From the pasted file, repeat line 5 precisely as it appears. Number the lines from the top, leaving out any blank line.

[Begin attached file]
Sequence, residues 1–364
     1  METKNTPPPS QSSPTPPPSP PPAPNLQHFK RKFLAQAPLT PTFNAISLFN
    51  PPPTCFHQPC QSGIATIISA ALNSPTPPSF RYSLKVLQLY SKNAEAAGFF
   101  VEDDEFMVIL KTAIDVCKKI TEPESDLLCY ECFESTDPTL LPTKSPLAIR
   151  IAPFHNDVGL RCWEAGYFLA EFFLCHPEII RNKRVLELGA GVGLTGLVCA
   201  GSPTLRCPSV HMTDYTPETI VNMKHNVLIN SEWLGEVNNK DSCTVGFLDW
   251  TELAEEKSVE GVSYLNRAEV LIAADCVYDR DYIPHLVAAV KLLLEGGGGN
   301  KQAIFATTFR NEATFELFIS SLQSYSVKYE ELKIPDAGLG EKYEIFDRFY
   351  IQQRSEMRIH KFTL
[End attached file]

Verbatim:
   151  IAPFHNDVGL RCWEAGYFLA EFFLCHPEII RNKRVLELGA GVGLTGLVCA